As an avid angler, I have spent many hours fishing on the San Juan River, Lake Powell and elsewhere in southern Utah. That's why I was proud to see the American Fly Fishing Trade Association, for which I serve on the board of directors, join a large, diverse coalition of stakeholders led by the Bears Ears Intertribal Coalition (BEITC) supporting permanent protection for these majestic lands and waters.
...In particular, the lakes, streams and reservoirs in and around the Abajo Mountains west of Monticello, and the San Juan River running between Bluff and Lake Powell, offer a myriad of fishing opportunities. While Lake Powell itself would fall outside of the Bears Ears Monument, the lake's future depends on an abundant supply of fresh water flowing from its tributaries, including the San Juan River.
...National monument status for Bears Ears would help to safeguard our outdoor heritage and sporting traditions and the economic opportunities they support. But even more importantly, permanent protection would ensure that these pristine lands and waters remain healthy and accessible for our communities and future generations of Americans to enjoy.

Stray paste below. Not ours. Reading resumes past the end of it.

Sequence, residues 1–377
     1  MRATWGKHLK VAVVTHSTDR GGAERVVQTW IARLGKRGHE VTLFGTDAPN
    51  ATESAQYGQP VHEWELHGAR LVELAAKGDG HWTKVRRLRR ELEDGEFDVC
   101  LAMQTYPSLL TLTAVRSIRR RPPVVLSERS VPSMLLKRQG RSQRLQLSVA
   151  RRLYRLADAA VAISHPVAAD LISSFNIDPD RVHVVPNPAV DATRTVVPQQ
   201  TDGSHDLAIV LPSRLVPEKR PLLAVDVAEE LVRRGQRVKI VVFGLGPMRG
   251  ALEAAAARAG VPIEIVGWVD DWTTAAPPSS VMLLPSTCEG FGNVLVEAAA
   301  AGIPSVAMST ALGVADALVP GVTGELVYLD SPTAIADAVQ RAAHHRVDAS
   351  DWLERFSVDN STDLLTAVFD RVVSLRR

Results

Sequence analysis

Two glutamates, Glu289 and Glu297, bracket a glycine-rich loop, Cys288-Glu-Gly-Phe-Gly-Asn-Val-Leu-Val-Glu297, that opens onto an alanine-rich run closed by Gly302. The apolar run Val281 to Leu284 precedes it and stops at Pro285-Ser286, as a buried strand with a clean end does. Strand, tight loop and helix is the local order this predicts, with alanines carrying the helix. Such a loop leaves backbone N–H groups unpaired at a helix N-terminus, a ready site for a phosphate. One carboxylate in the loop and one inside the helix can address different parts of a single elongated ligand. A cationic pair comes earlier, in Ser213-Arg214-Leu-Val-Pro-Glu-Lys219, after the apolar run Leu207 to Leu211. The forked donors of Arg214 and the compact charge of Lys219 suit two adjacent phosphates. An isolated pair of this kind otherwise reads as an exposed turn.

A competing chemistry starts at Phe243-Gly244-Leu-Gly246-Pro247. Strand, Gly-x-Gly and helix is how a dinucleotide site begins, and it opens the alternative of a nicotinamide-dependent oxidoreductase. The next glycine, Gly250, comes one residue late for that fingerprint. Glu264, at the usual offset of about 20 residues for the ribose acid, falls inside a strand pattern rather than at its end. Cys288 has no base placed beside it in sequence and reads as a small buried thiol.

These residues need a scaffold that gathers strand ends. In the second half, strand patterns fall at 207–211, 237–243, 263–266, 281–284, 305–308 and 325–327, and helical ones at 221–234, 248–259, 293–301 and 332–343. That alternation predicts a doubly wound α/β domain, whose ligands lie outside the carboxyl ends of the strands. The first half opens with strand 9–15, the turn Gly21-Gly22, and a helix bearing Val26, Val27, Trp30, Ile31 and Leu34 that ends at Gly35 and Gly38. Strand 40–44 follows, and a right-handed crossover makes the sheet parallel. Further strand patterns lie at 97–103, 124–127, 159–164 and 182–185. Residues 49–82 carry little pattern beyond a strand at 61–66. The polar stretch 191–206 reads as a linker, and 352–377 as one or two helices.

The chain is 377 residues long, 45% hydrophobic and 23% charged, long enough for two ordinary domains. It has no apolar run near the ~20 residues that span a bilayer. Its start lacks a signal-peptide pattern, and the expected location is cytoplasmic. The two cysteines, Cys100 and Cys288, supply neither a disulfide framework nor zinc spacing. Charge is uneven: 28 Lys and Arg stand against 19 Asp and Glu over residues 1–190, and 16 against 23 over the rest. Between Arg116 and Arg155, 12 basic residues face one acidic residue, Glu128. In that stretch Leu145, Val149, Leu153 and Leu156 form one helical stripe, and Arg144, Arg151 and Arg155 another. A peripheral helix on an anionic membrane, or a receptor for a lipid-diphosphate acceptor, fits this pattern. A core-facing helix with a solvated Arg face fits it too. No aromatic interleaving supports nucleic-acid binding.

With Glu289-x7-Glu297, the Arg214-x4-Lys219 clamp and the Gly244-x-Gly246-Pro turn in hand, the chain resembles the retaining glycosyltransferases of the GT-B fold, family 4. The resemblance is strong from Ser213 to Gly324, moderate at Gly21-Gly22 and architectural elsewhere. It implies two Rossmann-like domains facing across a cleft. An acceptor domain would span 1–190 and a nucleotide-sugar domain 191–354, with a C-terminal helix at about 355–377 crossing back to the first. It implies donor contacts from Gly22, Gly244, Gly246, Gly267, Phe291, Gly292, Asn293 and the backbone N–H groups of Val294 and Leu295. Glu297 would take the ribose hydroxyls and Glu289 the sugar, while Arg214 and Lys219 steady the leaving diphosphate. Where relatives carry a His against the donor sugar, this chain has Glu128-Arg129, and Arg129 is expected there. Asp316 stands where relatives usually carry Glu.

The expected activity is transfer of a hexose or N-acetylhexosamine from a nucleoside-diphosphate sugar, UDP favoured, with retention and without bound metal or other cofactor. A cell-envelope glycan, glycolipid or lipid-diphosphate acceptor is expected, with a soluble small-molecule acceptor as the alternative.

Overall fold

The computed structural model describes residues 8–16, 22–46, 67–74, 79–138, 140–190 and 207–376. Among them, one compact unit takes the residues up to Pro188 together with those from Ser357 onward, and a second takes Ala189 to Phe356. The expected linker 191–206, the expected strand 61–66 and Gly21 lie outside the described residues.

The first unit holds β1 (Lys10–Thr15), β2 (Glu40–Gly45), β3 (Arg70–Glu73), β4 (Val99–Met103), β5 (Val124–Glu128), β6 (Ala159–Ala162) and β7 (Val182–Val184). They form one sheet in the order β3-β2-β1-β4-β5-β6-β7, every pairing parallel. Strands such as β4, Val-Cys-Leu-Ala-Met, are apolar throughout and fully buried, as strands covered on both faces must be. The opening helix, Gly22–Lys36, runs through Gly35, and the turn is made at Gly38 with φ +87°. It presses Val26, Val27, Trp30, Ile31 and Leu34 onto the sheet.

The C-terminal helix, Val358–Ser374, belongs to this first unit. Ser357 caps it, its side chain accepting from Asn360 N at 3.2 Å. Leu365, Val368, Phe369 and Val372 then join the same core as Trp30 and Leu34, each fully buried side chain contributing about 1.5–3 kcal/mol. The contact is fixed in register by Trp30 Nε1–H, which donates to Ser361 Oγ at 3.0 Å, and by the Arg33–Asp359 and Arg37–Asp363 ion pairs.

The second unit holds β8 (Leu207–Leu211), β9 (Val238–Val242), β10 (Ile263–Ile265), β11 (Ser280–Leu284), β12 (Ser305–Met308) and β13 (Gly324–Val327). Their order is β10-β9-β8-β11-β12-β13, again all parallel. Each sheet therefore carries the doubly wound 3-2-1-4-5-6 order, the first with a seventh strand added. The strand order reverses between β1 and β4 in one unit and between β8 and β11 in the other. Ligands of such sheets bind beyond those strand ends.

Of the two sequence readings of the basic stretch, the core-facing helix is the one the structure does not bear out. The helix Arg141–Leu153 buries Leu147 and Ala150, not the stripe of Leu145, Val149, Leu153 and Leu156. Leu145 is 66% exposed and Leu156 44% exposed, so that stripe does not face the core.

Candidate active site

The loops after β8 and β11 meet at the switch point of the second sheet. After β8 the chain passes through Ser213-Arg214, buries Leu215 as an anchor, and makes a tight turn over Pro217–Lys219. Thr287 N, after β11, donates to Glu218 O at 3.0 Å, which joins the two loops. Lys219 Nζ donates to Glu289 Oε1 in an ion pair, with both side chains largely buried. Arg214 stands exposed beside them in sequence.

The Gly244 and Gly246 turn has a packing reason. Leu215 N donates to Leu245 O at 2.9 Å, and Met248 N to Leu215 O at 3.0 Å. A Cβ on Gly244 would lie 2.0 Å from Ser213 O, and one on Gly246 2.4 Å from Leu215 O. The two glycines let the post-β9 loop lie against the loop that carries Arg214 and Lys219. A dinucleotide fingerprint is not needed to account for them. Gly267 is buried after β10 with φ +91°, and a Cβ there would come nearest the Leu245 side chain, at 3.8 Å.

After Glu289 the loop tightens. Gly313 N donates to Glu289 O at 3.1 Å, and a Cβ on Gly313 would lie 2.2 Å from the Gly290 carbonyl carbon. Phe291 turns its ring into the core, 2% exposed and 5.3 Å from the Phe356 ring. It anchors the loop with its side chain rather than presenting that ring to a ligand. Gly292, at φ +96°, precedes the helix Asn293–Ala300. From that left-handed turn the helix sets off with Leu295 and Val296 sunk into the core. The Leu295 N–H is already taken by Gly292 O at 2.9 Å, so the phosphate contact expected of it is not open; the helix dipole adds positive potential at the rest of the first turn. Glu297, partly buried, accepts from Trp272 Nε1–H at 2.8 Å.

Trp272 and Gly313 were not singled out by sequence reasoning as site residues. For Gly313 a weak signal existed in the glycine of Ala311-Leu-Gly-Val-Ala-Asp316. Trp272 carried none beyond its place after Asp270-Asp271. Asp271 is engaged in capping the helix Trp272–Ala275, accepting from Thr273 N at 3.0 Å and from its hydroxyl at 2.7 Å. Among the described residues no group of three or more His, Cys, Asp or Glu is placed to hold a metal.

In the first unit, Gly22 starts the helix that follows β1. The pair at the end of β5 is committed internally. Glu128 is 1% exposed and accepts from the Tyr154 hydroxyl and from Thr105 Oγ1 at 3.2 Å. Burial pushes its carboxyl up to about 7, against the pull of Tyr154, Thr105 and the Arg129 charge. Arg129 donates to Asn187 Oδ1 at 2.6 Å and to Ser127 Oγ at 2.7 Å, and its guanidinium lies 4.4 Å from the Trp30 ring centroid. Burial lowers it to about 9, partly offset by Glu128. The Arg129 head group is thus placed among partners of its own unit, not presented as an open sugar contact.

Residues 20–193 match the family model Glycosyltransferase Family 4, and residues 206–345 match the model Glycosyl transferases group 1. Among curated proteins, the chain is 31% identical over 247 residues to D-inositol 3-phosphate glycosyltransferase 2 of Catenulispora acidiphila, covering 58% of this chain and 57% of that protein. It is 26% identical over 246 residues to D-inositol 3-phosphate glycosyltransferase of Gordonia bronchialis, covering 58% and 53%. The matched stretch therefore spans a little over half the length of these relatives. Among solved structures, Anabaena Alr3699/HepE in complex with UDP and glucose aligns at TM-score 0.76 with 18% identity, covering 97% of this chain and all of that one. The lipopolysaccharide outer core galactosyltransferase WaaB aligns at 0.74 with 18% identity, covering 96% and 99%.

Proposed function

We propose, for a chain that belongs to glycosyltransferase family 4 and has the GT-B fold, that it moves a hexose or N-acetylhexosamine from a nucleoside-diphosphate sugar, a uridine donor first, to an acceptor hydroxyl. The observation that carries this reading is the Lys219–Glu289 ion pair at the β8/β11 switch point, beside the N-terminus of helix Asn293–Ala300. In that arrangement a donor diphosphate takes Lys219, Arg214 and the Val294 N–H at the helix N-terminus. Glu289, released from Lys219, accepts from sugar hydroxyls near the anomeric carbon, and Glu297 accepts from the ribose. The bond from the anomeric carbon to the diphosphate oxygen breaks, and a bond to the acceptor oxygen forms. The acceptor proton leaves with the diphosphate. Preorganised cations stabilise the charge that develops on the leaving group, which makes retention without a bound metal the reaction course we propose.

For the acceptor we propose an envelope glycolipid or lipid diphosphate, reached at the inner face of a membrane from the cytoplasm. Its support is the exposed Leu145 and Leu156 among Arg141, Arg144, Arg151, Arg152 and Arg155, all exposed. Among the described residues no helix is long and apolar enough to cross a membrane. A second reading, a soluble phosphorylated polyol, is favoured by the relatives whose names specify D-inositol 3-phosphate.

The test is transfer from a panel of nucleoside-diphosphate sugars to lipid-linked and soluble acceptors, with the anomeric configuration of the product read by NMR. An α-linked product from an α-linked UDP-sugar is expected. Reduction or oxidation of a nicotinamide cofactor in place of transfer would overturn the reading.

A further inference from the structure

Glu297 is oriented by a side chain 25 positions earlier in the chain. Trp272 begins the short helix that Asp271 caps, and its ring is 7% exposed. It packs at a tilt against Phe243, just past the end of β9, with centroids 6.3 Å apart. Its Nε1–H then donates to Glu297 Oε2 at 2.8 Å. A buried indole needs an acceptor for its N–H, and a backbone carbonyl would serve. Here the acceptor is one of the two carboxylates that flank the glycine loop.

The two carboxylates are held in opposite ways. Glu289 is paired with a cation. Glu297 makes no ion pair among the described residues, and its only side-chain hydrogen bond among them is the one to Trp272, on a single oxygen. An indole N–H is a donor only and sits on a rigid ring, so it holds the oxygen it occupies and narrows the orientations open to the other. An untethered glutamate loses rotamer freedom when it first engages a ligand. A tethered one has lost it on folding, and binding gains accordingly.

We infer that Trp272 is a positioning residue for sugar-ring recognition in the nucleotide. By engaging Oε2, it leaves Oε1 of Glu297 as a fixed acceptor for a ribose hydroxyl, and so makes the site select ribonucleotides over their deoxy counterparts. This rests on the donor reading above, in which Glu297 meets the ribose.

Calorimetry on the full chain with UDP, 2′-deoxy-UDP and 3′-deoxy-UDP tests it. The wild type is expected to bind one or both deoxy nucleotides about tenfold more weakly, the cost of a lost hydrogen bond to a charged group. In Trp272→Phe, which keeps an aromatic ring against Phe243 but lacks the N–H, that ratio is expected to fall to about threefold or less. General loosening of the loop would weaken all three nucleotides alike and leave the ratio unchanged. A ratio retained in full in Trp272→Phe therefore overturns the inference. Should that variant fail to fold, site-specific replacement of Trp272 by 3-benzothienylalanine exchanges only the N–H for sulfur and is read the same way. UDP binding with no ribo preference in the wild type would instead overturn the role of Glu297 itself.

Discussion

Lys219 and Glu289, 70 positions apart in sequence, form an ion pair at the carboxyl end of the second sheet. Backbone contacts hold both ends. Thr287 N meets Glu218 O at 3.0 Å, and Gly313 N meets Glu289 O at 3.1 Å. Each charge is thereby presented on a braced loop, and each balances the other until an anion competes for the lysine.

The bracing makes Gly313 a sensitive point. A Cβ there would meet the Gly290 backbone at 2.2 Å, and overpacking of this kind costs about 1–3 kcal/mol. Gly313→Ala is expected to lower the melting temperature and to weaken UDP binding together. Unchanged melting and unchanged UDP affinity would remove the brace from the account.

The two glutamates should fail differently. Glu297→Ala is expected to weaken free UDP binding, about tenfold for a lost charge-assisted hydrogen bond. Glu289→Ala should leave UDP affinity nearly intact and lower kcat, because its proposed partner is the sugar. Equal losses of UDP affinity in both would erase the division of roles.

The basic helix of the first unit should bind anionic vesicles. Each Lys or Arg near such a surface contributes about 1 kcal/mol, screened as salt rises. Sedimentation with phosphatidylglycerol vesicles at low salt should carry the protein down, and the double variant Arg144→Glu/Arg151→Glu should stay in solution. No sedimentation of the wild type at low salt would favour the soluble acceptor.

And there is this from the Op-Ed:
The new monument would also have great potential to spur economic growth in Bluff and surrounding areas. A recent study from Headwaters Economics assessing the economic performance of counties adjacent to and containing national monuments — including Utah's own Grand Staircase-Escalante National Monument west of the Bears Ears area — found that two-thirds of these communities (13 of 17) grew at the same or a faster pace compared to similar counties in their state.
That's not exactly a ringing endorsement of National Monuments, especially coming from Headwaters Economics, who has never found an acre of federal property that they didn't fall in love with. I haven't seen the study, but if one out of every three communities declined, that's not saying much for the designation.